You are here
Wednesday, April 3, 2019
Opioid epidemic is increasing rates of some infectious diseases
Health, substance use professionals must work together to thwart public health crisis.
The United States faces a converging public health crisis as the nation’s opioid epidemic fuels growing rates of certain infectious diseases, including HIV/AIDS, hepatitis, heart infections, and skin and soft tissue infections. Infectious disease and substance use disorder professionals must work together to stem the mounting public health threat, according to a new commentary in the Journal of Infectious Diseases. The article was co-authored by officials from the National Institute of Allergy and Infectious Diseases (NIAID), part of the National Institutes of Health, and the Institute of Human Virology at the University of Maryland School of Medicine in Baltimore.
Since 1999, nearly 400,000 people in the United States have fatally overdosed on opioid-containing drugs, with 47,600 deaths in 2017 alone. Many people with opioid use disorder (OUD), who initially were prescribed oral drugs to treat pain, now inject prescribed or illegal opioids. High-risk injection practices such as needle-sharing are causing a surge in infectious diseases. Additionally, risky sexual behaviors associated with injection drug use have contributed to the spread of sexually transmitted infections.
Infectious disease health professionals can play an important role in addressing the problem by not only treating a patient’s injection drug use-associated infection but also connecting the patient for treatment of their underlying OUD, the authors write. For example, coupling opioid agonist therapy, such as methadone, with treatment for HIV or hepatitis C, can prevent further transmission of those viruses and reduce opioid use. Comprehensive treatment will result in improved outcomes for both the infectious disease and the underlying OUD, according to the authors.
Conversely, substance use disorder health providers should screen their patients for unrecognized infectious diseases and consult with their infectious disease colleagues regarding a comprehensive treatment plan. Substance use disorder professionals also should be aware of and direct patients to needle and syringe programs, which can decrease injection risks and provide an opportunity to provide other services as well.
New federal resources made available to address the growing opioid epidemic can assist health professionals in improving and implementing coordinated, evidence-based strategies to prevent and treat OUD and opioid-associated infections. These efforts will be key to stemming and ultimately ending the intertwined problem of OUD and infectious disease, according to the commentary.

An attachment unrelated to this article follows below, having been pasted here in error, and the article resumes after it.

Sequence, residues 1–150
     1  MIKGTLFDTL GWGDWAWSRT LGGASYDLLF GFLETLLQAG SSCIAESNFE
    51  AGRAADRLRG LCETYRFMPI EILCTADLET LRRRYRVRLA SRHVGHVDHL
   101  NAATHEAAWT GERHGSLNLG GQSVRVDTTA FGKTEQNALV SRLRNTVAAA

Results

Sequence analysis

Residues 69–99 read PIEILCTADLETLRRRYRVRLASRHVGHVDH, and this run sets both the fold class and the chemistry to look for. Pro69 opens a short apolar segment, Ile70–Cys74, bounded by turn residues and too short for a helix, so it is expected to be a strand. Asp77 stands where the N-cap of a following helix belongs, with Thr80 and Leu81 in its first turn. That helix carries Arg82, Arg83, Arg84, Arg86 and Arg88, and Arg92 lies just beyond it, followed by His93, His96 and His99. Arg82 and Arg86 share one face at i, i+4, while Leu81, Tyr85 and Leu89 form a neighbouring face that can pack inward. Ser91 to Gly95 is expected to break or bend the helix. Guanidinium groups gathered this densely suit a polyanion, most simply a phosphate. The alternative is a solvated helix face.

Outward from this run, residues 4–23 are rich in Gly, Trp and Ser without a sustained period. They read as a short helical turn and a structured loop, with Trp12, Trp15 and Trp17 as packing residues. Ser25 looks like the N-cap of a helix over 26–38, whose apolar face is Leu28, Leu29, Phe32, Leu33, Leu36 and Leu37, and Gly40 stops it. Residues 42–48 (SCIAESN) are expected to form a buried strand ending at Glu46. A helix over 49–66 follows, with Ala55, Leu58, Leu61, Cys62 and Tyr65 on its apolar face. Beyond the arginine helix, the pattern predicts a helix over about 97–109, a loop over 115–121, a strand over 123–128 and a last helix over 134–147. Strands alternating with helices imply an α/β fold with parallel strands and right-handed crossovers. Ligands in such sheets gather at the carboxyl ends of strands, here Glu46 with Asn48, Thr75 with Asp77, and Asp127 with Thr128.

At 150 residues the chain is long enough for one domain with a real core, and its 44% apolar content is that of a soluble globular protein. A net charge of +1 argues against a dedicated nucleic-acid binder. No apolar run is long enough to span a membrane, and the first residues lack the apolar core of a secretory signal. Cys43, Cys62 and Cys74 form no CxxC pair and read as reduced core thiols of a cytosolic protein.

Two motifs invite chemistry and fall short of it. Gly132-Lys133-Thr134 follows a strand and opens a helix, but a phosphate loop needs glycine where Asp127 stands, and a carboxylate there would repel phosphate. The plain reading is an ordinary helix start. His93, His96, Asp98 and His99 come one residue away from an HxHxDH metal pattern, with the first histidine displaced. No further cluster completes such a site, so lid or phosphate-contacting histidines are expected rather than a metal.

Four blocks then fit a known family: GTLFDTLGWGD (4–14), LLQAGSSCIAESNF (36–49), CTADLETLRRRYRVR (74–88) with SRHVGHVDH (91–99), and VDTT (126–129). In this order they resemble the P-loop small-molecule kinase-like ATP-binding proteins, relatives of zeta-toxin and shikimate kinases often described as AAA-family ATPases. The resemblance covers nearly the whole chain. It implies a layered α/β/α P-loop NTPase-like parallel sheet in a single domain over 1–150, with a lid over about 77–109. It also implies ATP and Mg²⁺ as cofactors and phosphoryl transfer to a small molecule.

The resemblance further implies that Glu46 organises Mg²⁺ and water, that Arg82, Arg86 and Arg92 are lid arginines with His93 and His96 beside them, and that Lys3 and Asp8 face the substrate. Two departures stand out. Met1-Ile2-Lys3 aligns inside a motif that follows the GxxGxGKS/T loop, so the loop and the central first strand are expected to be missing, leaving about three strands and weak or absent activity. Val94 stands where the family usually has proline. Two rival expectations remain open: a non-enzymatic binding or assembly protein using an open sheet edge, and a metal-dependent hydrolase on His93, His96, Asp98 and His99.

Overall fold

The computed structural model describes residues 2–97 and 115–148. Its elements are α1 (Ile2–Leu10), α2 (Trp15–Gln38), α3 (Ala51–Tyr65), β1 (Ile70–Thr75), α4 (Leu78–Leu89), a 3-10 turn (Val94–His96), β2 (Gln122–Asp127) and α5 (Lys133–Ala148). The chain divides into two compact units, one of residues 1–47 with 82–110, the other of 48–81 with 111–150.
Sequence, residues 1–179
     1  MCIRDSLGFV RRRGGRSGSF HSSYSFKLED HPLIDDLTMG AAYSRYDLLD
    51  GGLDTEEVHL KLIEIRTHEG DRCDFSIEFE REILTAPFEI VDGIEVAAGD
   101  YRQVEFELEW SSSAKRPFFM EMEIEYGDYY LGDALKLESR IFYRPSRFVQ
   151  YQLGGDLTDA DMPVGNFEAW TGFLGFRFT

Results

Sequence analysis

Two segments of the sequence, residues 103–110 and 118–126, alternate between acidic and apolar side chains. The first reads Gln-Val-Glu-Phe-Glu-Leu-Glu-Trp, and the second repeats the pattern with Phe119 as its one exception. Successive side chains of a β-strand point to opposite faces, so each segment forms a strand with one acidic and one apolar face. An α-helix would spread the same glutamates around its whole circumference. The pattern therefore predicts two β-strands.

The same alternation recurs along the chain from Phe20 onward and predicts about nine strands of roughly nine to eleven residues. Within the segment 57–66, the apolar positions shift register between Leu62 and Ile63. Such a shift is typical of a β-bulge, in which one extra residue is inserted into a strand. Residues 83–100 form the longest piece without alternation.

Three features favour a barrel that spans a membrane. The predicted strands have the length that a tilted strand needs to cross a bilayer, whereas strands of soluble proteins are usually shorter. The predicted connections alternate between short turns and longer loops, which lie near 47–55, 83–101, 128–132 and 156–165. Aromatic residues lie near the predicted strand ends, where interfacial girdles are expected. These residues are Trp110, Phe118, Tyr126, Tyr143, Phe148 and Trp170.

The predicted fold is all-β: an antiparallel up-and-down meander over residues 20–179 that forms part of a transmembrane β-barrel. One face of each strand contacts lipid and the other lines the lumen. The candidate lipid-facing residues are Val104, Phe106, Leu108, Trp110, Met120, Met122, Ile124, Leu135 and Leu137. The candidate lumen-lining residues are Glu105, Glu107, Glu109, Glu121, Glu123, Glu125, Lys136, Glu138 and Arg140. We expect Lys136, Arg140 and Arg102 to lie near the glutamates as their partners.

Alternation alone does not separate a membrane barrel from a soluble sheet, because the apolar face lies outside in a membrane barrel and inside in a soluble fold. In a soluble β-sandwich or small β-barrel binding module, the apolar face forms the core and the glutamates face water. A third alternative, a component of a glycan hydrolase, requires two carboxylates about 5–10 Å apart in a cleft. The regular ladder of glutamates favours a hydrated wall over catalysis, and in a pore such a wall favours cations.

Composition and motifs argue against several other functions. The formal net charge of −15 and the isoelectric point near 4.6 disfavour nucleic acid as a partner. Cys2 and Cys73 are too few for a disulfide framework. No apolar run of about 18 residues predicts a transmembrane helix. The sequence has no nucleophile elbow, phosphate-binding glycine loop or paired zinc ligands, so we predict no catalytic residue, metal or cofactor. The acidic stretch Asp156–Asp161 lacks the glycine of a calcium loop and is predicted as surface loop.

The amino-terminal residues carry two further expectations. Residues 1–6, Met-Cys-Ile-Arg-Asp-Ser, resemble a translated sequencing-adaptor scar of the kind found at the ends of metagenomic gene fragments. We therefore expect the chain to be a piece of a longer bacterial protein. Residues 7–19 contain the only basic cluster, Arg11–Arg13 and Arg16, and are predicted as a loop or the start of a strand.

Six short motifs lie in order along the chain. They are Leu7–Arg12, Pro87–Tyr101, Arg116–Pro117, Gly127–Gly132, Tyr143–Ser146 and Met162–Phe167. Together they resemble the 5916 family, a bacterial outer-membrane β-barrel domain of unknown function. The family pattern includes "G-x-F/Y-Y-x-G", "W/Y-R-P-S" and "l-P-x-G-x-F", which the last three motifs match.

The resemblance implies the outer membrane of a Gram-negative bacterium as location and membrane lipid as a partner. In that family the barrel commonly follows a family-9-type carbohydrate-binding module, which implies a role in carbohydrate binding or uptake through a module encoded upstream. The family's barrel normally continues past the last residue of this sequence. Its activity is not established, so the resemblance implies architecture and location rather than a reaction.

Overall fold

TA Schwetz et al. Opioids and infectious diseases: A converging public health crisis. Journal of Infectious Diseases DOI: 10.1093/infdis/jiz133 (2019).
NIAID Director and co-author Anthony S. Fauci, M.D., is available to comment on the article.
To schedule interviews, please contact the NIAID News Office at (301) 402-1663, firstname.lastname@example.org.
NIAID conducts and supports research — at NIH, throughout the United States, and worldwide — to study the causes of infectious and immune-mediated diseases, and to develop better means of preventing, diagnosing and treating these illnesses. News releases, fact sheets and other NIAID-related materials are available on the NIAID website.
About the National Institutes of Health (NIH): NIH, the nation's medical research agency, includes 27 Institutes and Centers and is a component of the U.S. Department of Health and Human Services. NIH is the primary federal agency conducting and supporting basic, clinical, and translational medical research, and is investigating the causes, treatments, and cures for both common and rare diseases. For more information about NIH and its programs, visit www.nih.gov.
NIH…Turning Discovery Into Health®
This page last reviewed on April 3, 2019